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Student politicos welcome all to debate watching parties

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(ANDREA VILLA/The Stanford Daily)
(Courtesy of Lincoln Labs)

With presidential primaries approaching, candidates are making their cases on national television and Stanford students are listening, as students across campus have been organizing and attending debate watch parties.

“I see it as a way to bring people together who have interest in watching the debate, people who are either politically minded or not, given space to come together and be more aware of what’s going on in the election,” said Sara Orton ’16, president of Stanford Democrats.

These debate viewing events usually offer attendants free food and a public space to discuss the candidates with other students. And even though these events have been mostly hosted by groups such as the Stanford Democrats and the Stanford Republicans, they are open to all students without regard for political affiliations.

“Of course [the event] is always open to anyone who wants to come; we encourage people of all political backgrounds because I think people of all political backgrounds want to watch these debates,” said Abby Fanlo ’16, president of the Stanford Conservative Society.

According to Orton, the debate-watching events offer a public space for any interested student to learn about and discuss candidates’ points of view.

“For Bernie and Hillary, there were people from both sides of those campaigns,” Orton said in regard to Stanford Democrats’ Oct. 13 Democratic debate watching party, held in Branner Hall. “It was clear there was a diversity of thought in the room.”

Despite being welcoming to all students, there is a definite partisanship that figures into each group’s motivation for holding these debates, and into how many students actually turn up.

Orton said that the turnout for the Stanford Democrats’ Republican debate-watching event was lower than for the Democratic debate. The Oct. 28 debate watch party featured dinner and bingo in the Crothers basement — a venue that also might have contributed to the lower turnout.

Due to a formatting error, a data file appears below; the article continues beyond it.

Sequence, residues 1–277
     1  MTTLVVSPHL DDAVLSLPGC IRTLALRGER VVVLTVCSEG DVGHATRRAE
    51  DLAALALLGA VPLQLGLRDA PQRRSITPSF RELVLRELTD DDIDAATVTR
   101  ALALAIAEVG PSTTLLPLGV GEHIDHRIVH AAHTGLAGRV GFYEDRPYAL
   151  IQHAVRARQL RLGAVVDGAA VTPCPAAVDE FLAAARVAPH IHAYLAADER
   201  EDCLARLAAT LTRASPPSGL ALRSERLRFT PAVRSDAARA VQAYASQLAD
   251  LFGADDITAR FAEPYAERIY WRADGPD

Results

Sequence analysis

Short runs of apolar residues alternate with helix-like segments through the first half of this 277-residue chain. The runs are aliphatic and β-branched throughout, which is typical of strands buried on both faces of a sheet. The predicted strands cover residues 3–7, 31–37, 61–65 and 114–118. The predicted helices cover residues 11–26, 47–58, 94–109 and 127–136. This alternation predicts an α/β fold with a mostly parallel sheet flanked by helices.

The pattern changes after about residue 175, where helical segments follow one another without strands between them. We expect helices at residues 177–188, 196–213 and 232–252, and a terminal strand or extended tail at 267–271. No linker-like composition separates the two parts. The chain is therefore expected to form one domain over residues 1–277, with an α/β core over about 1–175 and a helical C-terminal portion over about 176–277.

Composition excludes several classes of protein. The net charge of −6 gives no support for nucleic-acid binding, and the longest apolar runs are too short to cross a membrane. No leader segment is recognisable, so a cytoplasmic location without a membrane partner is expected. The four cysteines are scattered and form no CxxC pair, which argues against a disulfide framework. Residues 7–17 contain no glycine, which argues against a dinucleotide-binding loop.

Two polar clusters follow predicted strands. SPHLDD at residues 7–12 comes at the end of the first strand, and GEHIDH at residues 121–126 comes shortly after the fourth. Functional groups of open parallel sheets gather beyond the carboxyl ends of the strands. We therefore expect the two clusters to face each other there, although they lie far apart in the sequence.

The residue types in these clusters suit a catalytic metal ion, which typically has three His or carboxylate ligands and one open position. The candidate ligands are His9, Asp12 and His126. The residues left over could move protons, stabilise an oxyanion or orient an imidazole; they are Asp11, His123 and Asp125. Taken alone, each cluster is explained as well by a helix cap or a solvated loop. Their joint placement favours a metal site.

“The Republican debate can be really challenging and not fun to watch for somebody who disagrees with a lot of things that are stated,” Orton said.

The Stanford Conservative Society only hosted one Republican debate watching event for the Oct. 28 debate, preferring to focus on one event rather than stretch itself too thin. The group partnered with Stanford Republicans, The Stanford Review and Lincoln Labs, a local group for conservatives in tech.

“The reason behind wanting to have a debate viewing party is to give the conservative community and conservative network an opportunity to come together and see the Republican candidates debating each other,” Fanlo said.

Because debate-watching parties hosted by political groups on campus do have a certain partisanship, Malachi Dray ’18, a resident of the Humanities House, decided to host his own political debate viewing party in the lounge of his dorm to create a more neutral space.

“I thought it would be good to have as a residential activity,” Dray said. “It would be good to have a space that’s not explicitly politicized in a way that’s set up to root for a particular party, and rather to have a space that is nonpartisan in a way that allows for a broader variety of political thought to be considered.”

He also said it offered a more convenient option for house residents to watch the debate than having to venture out to find an event outside their house.

Fanlo recognized time and convenience as an issue and thus explained how the Stanford Conservative Society decided not to include a discussion in their event.

“The struggle honestly is asking… Stanford students in Week 6 to come spend two and half to three hours watching a debate,” Fanlo said. “And then [to] also ask them to stay afterwards for a discussion is just a lot of time.”

She also posited this as an explanation to perceived voter apathy among students on campus. For Orton, watching debates is just a small part of what it means to be politically active.

“I don’t think debate viewing parties are a great indication of young people in political involvement, but it could be one aspect of a bigger picture,” Orton said.

Dray also stated that debate watching is not all there is to political action. He believes that younger generations are quite politically active, despite the low voter turnout numbers.

“I think there’s a different kind of political consciousness among our generation that recognizes the unworkability of the two party system to resolve real questions,” Dray said.

Despite the fact that according to him, political debates only allow a handful of voices and perspectives to reach citizens, he still finds it beneficial to be informed whether in a partisan or nonpartisan setting.

“I think it’s always good for people to be informed about the political life of their country and to know what the viable candidates to hold executive office think about important issues,” Dray said.

 

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